These dummies are needed to make easier the selection of the nodes to be referenced when creating traffic surface lanes. These nodes shall be renumbered to be consistently increasing/decreasing along the traffic load direction.

 

 

If offset is applied while the dummy is selected, the traffic surface lane is created on the slab. At this time, the location rules vary depending on whether the inner curve or outer curve is selected. The value of offset to the lane is applied in the orthogonal direction of the curved line of the reference edge.

 

Therefore, if those along the outer curve edge are selected and offset towards to inner curve, some parts of the deck will not be covered and thus will not be loaded with any moving loads.

 

 

In the moving load case option, a load combination can be automatically created according to the vehicle already defined. At this time, the sub-load case option can be used to select which lane the vehicle can be loaded with the combined condition or independent condition. 

 

If, instead of HA & HB (Auto), HA and HB vehicles are defined separately, uncheck Auto Live Load Combination. In this case, choose the Independent option under Sub-Load Cases, and combine the reactions from each traffic load configuration manually using a load combination.

 

 


 

4. Analysis & Results using midas Civil

 

After performing analysis, several results can be extracted in graphical & tabular format for the further creation of load combinations that are required for design checks.

 

A. Moving Load Result: 

 

The envelope results of moving load analysis could be used for load combination. The loading positions and values of the vehicle can be displayed when the maximum result (moment/shear or axial force) occurs in the key element. The loading positions can appear clearly by the function of moving load tracer.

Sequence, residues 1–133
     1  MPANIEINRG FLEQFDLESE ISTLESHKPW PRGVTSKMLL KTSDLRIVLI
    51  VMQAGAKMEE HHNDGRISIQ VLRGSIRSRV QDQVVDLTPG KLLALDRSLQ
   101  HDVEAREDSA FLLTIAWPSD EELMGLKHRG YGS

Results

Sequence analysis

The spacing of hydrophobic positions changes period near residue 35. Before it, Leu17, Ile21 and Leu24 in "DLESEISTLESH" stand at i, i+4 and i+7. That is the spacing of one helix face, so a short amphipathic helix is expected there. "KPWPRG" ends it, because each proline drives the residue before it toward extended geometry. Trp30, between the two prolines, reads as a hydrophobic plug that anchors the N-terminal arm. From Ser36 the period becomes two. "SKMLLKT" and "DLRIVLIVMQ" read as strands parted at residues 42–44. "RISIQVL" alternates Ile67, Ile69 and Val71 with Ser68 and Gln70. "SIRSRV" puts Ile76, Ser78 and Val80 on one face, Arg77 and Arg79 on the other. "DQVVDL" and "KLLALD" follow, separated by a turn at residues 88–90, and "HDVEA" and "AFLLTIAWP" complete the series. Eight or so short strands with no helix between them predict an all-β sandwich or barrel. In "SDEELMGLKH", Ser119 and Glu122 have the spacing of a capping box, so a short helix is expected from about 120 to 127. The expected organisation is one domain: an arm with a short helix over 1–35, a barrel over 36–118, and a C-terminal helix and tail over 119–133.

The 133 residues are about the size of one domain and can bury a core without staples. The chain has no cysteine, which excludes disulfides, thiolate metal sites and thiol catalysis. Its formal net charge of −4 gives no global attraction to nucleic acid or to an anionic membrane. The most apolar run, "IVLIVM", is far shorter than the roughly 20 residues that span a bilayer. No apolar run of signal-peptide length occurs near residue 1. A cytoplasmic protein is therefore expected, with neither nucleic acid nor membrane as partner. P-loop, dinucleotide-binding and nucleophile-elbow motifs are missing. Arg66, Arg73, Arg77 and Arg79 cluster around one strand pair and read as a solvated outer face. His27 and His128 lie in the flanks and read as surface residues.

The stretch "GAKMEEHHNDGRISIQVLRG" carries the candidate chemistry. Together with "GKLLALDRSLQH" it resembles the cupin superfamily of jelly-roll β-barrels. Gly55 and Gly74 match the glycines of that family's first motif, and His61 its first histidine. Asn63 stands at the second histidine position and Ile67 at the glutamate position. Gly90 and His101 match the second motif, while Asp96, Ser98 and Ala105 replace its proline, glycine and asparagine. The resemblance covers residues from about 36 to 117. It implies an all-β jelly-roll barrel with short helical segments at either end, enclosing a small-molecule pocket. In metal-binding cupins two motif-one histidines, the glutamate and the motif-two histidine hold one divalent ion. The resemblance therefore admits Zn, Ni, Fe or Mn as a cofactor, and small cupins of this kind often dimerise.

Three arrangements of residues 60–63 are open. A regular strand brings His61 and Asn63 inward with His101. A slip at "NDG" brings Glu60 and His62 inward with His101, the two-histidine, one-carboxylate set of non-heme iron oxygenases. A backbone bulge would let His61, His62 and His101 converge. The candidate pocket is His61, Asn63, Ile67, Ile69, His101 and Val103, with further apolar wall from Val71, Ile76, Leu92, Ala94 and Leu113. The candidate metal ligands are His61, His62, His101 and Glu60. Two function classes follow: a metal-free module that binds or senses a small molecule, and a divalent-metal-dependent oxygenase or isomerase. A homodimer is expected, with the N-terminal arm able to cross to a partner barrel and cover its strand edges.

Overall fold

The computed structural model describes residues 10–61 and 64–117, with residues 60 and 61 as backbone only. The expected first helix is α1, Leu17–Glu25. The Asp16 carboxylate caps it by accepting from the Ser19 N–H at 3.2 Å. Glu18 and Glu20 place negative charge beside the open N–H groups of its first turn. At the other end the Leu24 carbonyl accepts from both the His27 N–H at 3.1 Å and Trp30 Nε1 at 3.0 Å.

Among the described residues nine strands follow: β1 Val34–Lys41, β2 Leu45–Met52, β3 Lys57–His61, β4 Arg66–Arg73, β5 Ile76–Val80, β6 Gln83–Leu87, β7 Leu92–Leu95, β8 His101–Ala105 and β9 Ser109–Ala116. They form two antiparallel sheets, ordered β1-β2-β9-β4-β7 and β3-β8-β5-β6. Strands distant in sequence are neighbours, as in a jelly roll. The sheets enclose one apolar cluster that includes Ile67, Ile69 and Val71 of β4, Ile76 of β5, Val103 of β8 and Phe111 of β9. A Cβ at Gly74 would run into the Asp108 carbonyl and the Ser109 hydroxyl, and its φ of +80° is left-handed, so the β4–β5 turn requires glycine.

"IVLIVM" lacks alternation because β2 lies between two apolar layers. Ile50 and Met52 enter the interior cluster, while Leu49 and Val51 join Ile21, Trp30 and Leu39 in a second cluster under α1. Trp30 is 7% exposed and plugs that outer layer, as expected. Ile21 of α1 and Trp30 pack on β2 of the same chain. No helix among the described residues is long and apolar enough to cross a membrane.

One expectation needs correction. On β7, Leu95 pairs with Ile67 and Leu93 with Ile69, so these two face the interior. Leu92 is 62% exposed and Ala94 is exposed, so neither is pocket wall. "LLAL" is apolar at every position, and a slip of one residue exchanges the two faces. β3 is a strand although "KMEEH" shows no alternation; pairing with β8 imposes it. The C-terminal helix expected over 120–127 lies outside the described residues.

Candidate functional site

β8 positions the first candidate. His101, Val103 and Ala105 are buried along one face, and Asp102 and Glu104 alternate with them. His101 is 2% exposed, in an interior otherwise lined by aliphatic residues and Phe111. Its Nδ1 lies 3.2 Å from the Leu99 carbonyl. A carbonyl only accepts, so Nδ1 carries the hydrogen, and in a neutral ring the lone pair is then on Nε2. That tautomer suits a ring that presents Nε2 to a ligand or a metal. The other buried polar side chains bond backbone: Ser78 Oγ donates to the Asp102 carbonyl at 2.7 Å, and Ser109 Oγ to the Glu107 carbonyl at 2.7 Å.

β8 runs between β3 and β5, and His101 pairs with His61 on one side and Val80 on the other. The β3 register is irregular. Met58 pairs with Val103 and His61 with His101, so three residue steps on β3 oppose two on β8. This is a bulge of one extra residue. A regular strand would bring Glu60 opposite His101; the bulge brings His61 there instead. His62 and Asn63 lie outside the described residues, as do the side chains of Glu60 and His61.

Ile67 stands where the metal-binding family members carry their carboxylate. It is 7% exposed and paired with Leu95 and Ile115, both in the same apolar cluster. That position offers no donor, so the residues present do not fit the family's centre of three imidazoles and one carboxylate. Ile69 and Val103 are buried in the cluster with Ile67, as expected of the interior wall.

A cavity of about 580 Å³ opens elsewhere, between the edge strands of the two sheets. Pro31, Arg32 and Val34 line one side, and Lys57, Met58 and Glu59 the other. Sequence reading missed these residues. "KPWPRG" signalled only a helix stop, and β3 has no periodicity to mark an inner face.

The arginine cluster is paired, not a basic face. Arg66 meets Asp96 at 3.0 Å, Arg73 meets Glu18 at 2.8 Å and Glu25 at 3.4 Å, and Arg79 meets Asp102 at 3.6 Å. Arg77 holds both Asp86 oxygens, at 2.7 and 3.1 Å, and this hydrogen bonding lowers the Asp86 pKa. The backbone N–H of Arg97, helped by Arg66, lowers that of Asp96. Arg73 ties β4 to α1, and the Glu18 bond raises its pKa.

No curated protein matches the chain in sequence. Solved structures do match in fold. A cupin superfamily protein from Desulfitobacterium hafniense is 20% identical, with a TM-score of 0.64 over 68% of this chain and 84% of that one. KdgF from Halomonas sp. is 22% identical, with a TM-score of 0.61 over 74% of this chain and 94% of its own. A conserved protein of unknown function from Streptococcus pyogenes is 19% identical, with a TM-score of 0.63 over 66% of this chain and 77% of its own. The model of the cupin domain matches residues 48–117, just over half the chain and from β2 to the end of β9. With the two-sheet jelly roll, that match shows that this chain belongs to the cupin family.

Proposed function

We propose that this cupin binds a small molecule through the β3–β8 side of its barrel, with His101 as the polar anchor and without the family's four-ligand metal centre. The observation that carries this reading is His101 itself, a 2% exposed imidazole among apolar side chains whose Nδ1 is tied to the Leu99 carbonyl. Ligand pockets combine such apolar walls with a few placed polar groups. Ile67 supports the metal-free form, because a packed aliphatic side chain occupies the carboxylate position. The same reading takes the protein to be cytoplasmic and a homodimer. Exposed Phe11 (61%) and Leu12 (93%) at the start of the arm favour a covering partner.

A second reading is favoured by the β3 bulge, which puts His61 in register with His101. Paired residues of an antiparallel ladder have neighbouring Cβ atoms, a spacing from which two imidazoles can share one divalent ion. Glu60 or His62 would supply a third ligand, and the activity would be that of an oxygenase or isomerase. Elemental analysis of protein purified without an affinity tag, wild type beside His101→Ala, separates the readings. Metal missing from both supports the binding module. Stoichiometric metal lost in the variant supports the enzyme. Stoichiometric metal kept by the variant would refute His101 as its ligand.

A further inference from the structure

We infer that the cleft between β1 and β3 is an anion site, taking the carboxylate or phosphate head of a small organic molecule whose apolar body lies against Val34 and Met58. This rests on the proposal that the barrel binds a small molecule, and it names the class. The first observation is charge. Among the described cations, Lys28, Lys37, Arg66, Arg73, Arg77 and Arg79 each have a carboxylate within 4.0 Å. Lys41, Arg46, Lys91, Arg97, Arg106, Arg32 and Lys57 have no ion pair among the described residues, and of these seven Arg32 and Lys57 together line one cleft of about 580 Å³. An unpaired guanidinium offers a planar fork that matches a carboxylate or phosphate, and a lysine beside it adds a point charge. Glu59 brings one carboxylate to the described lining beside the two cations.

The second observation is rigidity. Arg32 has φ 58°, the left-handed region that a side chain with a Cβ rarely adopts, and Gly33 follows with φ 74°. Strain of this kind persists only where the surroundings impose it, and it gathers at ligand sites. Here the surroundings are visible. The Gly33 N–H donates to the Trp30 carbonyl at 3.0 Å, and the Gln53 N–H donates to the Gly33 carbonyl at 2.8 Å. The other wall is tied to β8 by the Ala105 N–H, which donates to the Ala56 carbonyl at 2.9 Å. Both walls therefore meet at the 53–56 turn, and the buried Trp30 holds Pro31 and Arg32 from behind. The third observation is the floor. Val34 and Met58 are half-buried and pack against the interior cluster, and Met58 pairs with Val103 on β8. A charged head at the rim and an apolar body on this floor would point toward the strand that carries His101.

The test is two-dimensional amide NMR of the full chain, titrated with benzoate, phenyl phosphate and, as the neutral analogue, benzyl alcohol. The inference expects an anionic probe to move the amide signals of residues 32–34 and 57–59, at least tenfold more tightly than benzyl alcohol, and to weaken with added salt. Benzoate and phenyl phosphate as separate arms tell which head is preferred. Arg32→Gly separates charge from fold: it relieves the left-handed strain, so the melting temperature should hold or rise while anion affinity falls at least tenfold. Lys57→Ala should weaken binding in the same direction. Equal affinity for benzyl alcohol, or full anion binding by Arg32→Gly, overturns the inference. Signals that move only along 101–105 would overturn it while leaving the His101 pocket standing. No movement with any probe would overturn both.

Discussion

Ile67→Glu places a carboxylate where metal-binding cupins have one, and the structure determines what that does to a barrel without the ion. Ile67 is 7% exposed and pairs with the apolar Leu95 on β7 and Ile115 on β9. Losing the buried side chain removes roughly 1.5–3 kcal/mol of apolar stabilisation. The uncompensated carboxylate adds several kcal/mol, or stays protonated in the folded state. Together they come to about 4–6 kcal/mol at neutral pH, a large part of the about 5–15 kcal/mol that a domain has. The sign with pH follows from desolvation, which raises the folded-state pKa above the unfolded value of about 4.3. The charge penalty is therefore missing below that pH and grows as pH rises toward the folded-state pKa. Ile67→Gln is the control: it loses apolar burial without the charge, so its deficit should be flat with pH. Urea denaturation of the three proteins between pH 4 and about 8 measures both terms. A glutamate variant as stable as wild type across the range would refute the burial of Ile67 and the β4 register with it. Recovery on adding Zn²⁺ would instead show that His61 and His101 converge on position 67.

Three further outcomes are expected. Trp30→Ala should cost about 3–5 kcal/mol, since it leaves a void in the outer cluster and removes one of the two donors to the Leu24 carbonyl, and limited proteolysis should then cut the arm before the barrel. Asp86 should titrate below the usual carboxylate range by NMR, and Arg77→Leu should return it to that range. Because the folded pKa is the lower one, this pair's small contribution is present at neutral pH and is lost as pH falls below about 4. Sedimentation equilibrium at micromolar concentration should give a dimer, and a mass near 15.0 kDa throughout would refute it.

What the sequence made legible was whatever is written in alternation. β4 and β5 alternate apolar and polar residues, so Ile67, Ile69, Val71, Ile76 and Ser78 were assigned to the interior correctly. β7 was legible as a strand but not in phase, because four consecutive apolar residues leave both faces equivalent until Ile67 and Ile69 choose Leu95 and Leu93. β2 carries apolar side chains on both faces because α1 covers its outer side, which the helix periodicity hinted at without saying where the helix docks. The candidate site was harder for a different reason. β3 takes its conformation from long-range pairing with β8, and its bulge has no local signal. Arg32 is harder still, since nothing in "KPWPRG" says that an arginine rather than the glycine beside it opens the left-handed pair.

B. Wood-Armer Moments:


Wood Armer method allows moment triads from plates (Mx, My, Mxy) to be transformed into simple bending moments in two directions (Wood Armer moments) for reinforcement design of plate elements. This is important because the twisting moment Mxy can be significant.

 

 

 

The Wood-armer moments could be obtained at the top and bottom of plates along with both the reinforcement directions. This option could be accessed by clicking on the ‘Wood-Armer Moment’ button as highlighted in the image below.

 

 

C. Rounding of the Support Moments:


In many occasions, the “peak” hogging moment is greater than the sagging moment. “Peak” hogging moment is calculated assuming “stick” support, which is not the exact case. The load above the support is “counter-acted” by the support reaction R distributed over d (or d + yb tan 35°). Simply-supported mechanism assumed for moment reduction. The reduction is limited to 10 % of peak hogging moment.

 

“The reduction of the moment due to the physical width of the bearing is purely mechanical, and is effective both at working and ultimate loads. The spread through the height of the beam is an elastic effect, and should not be used at the ULS”. – Robert Benaim

 


 

 

5. Design and Optimization


Below checks need to be performed as per relevant standard:

  • ULS Bending Moment Capacity
  • ULS Shear and Torsion Capacity
  • SLS Stress Check
  • Crack Width Control & Deflection Check
  • Punching Shear Check

 

As Self-weight is a load much more significant in solid slab deck than other more advanced types of deck. Cutting down self-weight could give obvious savings to materials, labors, times, which all translate well into savings in cost. But, how much to cut down? For this several trials had been carried out before arriving at the final optimized design. In the trial models, several sections have to check to find the optimized size. The following picture shows the final design after optimization. A reduction of about 25 % was achieved by reducing the depth of the slab in the middle which further reduce the material requirement for the substructure and the foundation.

 

 


 

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About the Author
Mak Guo Shao | Bridge Engineer

Mak has over 8 years of experience in bridge engineering. He has extensive experience in designing complex bridges with challenging requirements. He has designed two bridges of solid slab deck, and one of them will be shared here.